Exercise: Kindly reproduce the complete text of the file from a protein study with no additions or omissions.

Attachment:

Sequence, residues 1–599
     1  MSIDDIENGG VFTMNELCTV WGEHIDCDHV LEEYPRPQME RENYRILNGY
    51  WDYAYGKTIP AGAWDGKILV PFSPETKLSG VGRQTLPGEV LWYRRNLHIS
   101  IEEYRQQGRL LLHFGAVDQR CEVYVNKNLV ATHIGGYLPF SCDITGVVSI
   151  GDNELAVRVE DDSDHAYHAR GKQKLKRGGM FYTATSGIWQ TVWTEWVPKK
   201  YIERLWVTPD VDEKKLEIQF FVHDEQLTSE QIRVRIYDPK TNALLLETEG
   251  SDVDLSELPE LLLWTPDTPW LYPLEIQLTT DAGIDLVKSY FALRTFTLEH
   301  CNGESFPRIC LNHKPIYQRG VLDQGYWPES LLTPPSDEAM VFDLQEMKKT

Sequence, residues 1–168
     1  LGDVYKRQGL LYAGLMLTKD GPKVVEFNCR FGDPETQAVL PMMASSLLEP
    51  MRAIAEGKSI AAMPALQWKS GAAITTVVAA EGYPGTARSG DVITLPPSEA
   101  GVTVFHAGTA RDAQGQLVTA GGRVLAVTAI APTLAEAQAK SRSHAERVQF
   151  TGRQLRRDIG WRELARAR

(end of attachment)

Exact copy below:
Sequence, residues 1–599
     1  MSIDDIENGG VFTMNELCTV WGEHIDCDHV LEEYPRPQME RENYRILNGY
    51  WDYAYGKTIP AGAWDGKILV PFSPETKLSG VGRQTLPGEV LWYRRNLHIS
   101  IEEYRQQGRL LLHFGAVDQR CEVYVNKNLV ATHIGGYLPF SCDITGVVSI
   151  GDNELAVRVE DDSDHAYHAR GKQKLKRGGM FYTATSGIWQ TVWTEWVPKK
   201  YIERLWVTPD VDEKKLEIQF FVHDEQLTSE QIRVRIYDPK TNALLLETEG
   251  SDVDLSELPE LLLWTPDTPW LYPLEIQLTT DAGIDLVKSY FALRTFTLEH
   301  CNGESFPRIC LNHKPIYQRG VLDQGYWPES LLTPPSDEAM VFDLQEMKKT

Sequence, residues 1–168
     1  LGDVYKRQGL LYAGLMLTKD GPKVVEFNCR FGDPETQAVL PMMASSLLEP
    51  MRAIAEGKSI AAMPALQWKS GAAITTVVAA EGYPGTARSG DVITLPPSEA
   101  GVTVFHAGTA RDAQGQLVTA GGRVLAVTAI APTLAEAQAK SRSHAERVQF
   151  TGRQLRRDIG WRELARAR